Let me sit in the ball park
cap turned backwards and
praying for a rally. I need
the sun and sweat to remind
me how much I love the game,
how each year it comes down,
to the last inning, the final out.
 — Baseball
(Simon and Schuster, 2018)

Baseball's playoffs began this week; the World Series championship is to be played later in the month. It's autumn. The wait-for-tomorrows of spring and summer are no more. All that remains is the "final out."

No baseballs were harmed —or staged— during the shoot.



Saturday, September 30, 2023

Pic(k) of the Week: Arabia Mountain 'daisy'

Arabia Mountain 'daisy'
"We call them yellow daisies."
— Arabia Mountain park ranger

A native 'Porter's sunflower' wildflower —one among thousands blooming in early autumn on Arabia Mountain— in DeKalb County, Georgia, USA. 25 September 2023.
Every year in September, an explosion of yellow flowers covers granite outcrops such as Arabia and Panola Mountains. These are yellow daisies (Helianthus porteri). Related to sunflowers, they are one of the fall wonders within the Arabia Mountain National Heritage Area. Found in only 4 states —Georgia, Alabama, North Carolina, and South Carolina— the flowers are most common on the granite outcrops of the Georgia Piedmont region, thriving in fragile solution pits —often dry, sandy vernal pools— found on bare rock faces.
Arabia Mountain Heritage Area Alliance.

Literally growing from the granite outcrops of Arabia Mountain, the blossoms are a riot of yellow, a marker of autumn's arrival in Georgia. But...are they true daisies?
Helianthus porteri is a species of sunflower (Helianthus) —commonly known as Porter's sunflower, Stone Mountain daisy, and Confederate daisy— native to the southeastern United States, particularly Georgia and Alabama.

Helianthus porteri grows on thin soils on and around flat rock granite and gneiss outcrops. It grows up to 40 inches tall (100 cm). One plant usually produces 5 or more small flower heads, each containing 7 or 8 yellow ray florets surrounding a central disk of 30 or more yellow florets. A summer annual that blooms in the fall, Helianthus porteri drops seeds that grow the following year.

The term 'daisy' is imprecise because the species is a sunflower rather than a daisy (Bellis and related genera). Likewise, although the plant grows on Stone Mountain, in Georgia, its range extends beyond. The connection to the Confederacy is through Stone Mountain which contains a confederate monument, although the connection is tenuous as the species was named before the Civil War, in 1849, in honor of Thomas Conrad Porter, a Pennsylvanian minister and botanist who collected the plant in Georgia.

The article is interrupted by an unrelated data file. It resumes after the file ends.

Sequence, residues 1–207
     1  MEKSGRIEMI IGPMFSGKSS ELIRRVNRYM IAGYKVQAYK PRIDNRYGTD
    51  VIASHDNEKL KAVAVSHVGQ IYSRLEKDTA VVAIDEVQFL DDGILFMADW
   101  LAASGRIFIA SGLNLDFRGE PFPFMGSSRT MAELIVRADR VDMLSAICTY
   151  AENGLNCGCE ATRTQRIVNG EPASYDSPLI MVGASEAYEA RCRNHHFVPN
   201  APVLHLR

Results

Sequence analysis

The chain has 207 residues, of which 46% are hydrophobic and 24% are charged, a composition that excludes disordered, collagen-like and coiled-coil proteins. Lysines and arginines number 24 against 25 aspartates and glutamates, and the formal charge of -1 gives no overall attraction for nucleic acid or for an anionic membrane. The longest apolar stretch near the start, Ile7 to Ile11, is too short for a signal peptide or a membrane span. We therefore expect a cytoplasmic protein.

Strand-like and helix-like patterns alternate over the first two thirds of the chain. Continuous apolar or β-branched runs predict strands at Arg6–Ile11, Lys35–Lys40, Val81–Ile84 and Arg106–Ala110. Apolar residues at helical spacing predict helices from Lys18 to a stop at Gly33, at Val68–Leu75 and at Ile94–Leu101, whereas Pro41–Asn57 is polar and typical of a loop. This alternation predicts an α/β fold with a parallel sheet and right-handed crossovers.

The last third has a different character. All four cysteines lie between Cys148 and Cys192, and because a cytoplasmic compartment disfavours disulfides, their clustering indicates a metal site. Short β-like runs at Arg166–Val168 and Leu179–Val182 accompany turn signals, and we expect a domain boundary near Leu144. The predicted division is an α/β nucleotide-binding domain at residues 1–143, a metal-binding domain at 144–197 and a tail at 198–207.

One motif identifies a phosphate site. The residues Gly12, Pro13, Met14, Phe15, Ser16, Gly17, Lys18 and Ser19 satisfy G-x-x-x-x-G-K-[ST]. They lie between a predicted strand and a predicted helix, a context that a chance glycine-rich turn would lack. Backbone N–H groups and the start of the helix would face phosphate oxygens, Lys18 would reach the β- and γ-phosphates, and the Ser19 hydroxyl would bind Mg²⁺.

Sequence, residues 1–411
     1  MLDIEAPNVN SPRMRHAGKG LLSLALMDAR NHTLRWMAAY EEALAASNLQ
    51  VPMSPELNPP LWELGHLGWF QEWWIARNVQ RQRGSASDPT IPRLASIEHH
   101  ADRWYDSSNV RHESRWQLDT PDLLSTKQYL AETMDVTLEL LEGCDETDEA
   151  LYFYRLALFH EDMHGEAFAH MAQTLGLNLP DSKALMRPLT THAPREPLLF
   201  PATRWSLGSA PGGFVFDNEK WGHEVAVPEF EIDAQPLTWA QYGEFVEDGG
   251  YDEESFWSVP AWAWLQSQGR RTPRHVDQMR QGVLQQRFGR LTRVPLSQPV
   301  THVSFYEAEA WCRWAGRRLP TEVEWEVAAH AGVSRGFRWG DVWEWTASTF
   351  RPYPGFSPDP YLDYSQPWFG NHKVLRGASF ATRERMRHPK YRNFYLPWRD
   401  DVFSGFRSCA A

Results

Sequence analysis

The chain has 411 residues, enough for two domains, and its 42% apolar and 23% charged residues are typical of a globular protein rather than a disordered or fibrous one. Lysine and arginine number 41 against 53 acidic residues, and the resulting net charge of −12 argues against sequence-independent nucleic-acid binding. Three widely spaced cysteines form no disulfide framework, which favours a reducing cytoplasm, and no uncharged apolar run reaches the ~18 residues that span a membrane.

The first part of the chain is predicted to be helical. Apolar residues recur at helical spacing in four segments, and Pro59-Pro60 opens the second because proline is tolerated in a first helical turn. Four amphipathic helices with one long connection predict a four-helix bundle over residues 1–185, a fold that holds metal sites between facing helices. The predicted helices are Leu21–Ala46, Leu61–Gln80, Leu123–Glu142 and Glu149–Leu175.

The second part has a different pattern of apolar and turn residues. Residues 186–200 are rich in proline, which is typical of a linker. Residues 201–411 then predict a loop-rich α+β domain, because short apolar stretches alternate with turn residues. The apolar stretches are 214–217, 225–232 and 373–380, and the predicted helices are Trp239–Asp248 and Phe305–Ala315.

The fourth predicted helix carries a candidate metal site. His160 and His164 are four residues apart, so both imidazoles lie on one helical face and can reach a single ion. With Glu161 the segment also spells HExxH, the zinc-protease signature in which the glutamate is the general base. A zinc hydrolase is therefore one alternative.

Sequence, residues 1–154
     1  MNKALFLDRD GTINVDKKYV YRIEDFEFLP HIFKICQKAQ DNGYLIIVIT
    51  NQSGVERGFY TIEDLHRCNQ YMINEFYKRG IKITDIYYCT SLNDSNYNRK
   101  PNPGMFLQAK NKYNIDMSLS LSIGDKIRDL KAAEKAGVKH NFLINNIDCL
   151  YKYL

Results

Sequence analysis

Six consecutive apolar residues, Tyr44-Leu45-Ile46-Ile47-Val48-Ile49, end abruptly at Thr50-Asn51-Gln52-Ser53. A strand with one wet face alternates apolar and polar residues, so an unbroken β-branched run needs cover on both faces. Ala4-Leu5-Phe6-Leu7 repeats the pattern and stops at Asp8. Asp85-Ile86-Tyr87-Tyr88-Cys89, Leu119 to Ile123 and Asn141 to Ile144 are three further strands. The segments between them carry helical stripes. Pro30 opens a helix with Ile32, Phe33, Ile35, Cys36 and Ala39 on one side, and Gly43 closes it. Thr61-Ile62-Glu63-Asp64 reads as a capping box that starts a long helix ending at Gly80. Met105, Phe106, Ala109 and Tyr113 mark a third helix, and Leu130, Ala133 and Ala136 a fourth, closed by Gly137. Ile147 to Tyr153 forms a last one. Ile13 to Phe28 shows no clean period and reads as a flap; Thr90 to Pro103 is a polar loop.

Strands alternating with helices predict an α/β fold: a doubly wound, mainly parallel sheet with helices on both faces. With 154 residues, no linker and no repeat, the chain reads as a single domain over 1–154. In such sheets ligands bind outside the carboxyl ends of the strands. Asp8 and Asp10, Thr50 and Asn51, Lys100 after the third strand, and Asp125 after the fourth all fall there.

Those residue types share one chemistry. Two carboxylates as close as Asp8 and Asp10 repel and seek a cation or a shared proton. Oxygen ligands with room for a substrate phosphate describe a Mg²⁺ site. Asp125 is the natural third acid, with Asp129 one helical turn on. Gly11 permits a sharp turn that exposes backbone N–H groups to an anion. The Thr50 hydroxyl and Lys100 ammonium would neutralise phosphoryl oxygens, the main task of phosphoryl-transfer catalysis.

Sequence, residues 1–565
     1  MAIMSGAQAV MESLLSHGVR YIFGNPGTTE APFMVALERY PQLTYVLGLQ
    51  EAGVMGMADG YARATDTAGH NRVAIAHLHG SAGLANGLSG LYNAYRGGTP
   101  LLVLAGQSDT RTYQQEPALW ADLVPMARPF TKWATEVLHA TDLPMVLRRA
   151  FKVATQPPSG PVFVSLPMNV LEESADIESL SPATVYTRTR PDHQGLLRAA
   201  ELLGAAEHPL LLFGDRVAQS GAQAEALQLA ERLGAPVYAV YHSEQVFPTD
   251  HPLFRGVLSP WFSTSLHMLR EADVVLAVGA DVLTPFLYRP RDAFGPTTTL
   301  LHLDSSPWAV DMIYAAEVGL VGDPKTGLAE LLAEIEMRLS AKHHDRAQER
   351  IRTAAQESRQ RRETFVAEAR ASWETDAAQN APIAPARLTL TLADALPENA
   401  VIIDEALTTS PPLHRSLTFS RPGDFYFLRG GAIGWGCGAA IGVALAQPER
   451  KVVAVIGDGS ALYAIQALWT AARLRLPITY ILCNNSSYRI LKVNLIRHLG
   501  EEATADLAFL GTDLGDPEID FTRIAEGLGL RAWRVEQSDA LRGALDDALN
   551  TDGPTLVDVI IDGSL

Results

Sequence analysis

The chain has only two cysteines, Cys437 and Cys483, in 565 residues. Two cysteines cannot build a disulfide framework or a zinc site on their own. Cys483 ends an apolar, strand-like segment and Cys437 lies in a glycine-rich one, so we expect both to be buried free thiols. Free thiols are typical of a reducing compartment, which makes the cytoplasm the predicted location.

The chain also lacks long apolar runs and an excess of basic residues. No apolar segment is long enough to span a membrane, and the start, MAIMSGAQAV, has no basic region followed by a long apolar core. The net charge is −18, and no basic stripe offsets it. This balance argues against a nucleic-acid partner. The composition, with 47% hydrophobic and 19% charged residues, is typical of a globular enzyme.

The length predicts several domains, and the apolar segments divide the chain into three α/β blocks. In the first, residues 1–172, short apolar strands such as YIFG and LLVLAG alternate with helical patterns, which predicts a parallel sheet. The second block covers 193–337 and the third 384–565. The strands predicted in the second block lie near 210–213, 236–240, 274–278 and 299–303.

Arabia Mountain 'daisies' (04)


Saturday, September 23, 2023

Pic(k) of the Week: Happy Autumnal Equinox!

Squirrel at edge of forest
The autumnal equinox arrived on Saturday, September 23, 2023, at 02:50 A.M. EDT in the Northern Hemisphere. The autumnal equinox is an astronomical event that marks the start of autumn (or “fall”). In the Northern Hemisphere, the autumnal equinox occurs in September; in the Southern Hemisphere, it occurs in March.

During an equinox, the Sun crosses what we call the “celestial equator”—an imaginary extension of Earth’s equator line into space. On the equinox, day and night are roughly equal in length. After the autumnal equinox, days become shorter than nights as the Sun continues to rise later and nightfall arrives earlier. This ends with the winter solstice, after which days start to grow longer once again. The word “equinox” comes from Latin aequus, meaning “equal,” and nox, ”night.”
The Old Farmer's Almanac

The photo was actually taken in late spring, 13 June 2023, shortly before the summer solstice, in Decatur, Georgia, USA. The star attraction was, of course, a squirrel: in this case an eastern gray squirrel (Sciurus carolinensis), native to eastern North America. Even then, she was foraging for nuts.



Saturday, September 16, 2023

Pic(k) of the Week: Wary weather watcher

Wary weather watcher

A storm approaches;
Warily, the dog watches.
Beach life.

St. Augustine Beach, Florida, USA. 9 September 2022.


Saturday, September 09, 2023

Pic(k) of the Week: Avondale reverie

Avondale reverie

Sitting on a bench on the shore of Avondale Lake, a gentlemen enjoyed a quiet summer's Sunday-morning reverie (quiet, other than the honking of Canada geese, off-camera).

City of Avondale Estates, Georgia, USA. 27 August 2023.



Saturday, September 02, 2023

Pic(k) of the Week: Heron in morning pond

Heron in morning pond

In early morning, a juvenile great blue heron (Ardea herodias) was fishing in in a large city-park pond. I tried not to disturb her.

Postal Pond in Decatur Legacy Park: Decatur, Georgia, USA. 1 August 2023 (8:12 am EDT).


Saturday, August 26, 2023

Pic(k) of the Week: Against traffic

Against traffic

A bit of 'busy' street photography for this week's Pic(k) of the Week.

Pedestrians fill the streets, during the Decatur Arts Festival, in the City of Decatur, in Georgia, USA. 6 May 2023.

Was he going the wrong way?


Saturday, August 19, 2023

Pic(k) of the Week: Independent fermentation room

Independent fermentation room

Independent Distilling Company, in its new digs in Decatur, Georgia, USA. 10 June 2023.

The fermenting 'wash' is in the foreground; in the background are the copper pot still (center) and condenser (right).